The hon. Lady will know that that is not within my gift; it is for the usual channels. It is not correct to say that the regulations will affect 160,000 people. [Interruption.] No, there is no policy change. There is no change to the budget, and there is no change to the guidance that we have issued to our assessment providers. It is quite wrong to raise fear by saying to people that they will be affected. No awards will be affected, and we are operating exactly the same policy and guidance in our assessment practices as we have done before.
Recent changes to the PIP regulations clarify the original criteria used to decide how much benefit a person receives. This is not a policy change or a budget change, and it will not result in any claimants, regardless of their health conditions, seeing a reduction in the amount of PIP they have been awarded.
Former Sergeant William Bradley, who is one of my constituents, developed severe PTSD and depression while serving in the Gulf war, and he was medically discharged from the Army in 2003. He had been on the enhanced PIP rate since 2014, but it was cut to the lower rate last year. Following an appeal, it has now been removed completely. The reply from the PIP hotline was that someone with mental health issues can work, and that this is really a benefit for people with severe physical disabilities. Will the Minister meet me to discuss this awful case, or, if PIP is not the right benefit for those with mental illness, can she explain what is?
What the hon. Lady tells me has happened is truly shocking. I would be incredibly surprised if somebody who was manning that hotline said those things to the hon. Lady. I am not saying that I doubt her story, but I would like to see that and I would like to know, if possible, the exact time that that conversation took place, because that is quite wrong. I would be happy to meet the hon. Lady.
The statistics show that if someone has a mental health condition—if they have PTSD, dementia, a psychological disorder or another mental health condition —they are better served under this benefit. It is important that people know that.
The Committee is within its rights to look at the decision. It did so, and it concluded that it would not formally review that decision. We have used the urgency procedure, as it was within our rights to do, to establish certainty. We do not want there to be a long period of uncertainty around this, and we do not want to be in the position of having to take money off people. What we have done is to restore that certainty. Everyone knows where they are, and people know that there is no change and their awards will not be changing.
It was a constituent of mine whose case led to the recent tribunal ruling that clarified the eligibility criteria for PIP, and to the Government’s subsequent amendments to the regulations. She lives with multiple health problems and was supported by Sheffield Citizens Advice, which is due to publish a report later this week on the wider impact of the shift from DLA to PIP and the particular effect that it is having on the over-65s. Will the Minister agree to meet me and Citizens Advice to discuss its recommendations?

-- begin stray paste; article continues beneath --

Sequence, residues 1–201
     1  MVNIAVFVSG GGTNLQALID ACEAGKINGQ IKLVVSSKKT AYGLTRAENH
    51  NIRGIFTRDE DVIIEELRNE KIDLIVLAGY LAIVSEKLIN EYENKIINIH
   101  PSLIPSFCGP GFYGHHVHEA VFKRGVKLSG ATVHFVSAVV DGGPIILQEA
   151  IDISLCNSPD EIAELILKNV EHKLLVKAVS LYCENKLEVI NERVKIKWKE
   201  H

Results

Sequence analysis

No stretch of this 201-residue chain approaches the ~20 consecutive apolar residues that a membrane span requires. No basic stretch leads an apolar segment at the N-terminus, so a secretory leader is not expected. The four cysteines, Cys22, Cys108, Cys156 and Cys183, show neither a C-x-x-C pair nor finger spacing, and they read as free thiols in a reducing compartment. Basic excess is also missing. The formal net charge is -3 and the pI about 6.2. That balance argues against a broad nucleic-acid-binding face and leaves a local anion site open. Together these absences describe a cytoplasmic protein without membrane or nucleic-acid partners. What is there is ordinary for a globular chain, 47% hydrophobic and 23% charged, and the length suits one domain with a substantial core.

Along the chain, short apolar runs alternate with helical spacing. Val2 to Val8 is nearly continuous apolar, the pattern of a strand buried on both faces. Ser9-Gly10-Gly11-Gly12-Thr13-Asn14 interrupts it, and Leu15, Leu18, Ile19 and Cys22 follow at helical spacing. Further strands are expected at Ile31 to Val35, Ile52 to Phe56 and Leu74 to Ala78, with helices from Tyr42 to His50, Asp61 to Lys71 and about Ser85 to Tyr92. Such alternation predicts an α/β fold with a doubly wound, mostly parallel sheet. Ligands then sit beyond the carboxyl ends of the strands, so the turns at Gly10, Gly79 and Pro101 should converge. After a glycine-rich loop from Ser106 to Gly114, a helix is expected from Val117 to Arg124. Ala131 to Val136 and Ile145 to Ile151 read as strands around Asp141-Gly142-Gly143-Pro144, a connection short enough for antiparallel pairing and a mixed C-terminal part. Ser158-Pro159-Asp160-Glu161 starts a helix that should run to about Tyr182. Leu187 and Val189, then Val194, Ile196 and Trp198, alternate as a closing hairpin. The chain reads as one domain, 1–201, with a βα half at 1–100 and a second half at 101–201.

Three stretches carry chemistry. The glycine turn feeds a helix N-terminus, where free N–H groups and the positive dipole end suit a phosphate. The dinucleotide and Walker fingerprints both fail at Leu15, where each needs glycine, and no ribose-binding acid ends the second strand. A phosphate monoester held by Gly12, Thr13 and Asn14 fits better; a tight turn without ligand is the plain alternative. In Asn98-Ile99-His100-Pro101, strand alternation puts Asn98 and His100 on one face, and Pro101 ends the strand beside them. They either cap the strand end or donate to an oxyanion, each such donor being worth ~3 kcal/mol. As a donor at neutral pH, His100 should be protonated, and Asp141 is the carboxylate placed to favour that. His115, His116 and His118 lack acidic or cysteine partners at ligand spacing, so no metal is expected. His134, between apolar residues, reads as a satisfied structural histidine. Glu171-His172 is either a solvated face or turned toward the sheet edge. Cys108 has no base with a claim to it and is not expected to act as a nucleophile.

I would be very happy to meet the hon. Gentleman to do so. PIP is a better benefit than DLA—it better serves a wider range of people with a wider range of conditions better—but we can always make improvements to the system, and I would be very happy to meet him.
In relation to PIP, will the Minister assure me that the DWP is engaging with those with experience of mental health conditions to ensure that our programmes and our frontline staff have a proper understanding of how a mental health condition can have an impact on someone’s life?
I can give my hon. Friend such an assurance. In addition to the user rep panels that we are introducing in April, we have been conducting a trial since mid-March—it will take about six weeks—looking at audio recording, which should involve about 400 claimants. That is a tool not just to guarantee quality, but to provide reassurance to the claimant.
Some of those who are eligible for PIP may well lose entitlement to the work-related activity group element come 1 April. Will the Minister reassure me that whether through the flexible support fund, the hardship fund or indeed third-party deals, there will be full mitigation for the losses they incur from 1 April?
I can give my hon. Friend such an assurance. People are open to apply to the financial channels he mentions if they need further support. We have been doing some work in the Department on social tariffs and budgeting, which will be rolled out across our Jobcentre Plus network, and all the elements of the support offer for that group are already in place.
Last week I had to deal with a constituent whose benefits had been stopped because she missed an appointment to be assessed for PIP. She missed that appointment because she was an in-patient in hospital in Aberdeen. Even after evidence of that had been exhibited to the Minister’s Department, it twice refused to reinstate her benefits because it said that it had done nothing procedurally wrong. Is the Minister content that that is how the system is supposed to work?
The right hon. Gentleman will know that that is not how the system is supposed to work. If there is a reasonable reason why someone has not attended an appointment, missing it should not count against them. I am quite happy to look at the case that he cites, but that should not be happening.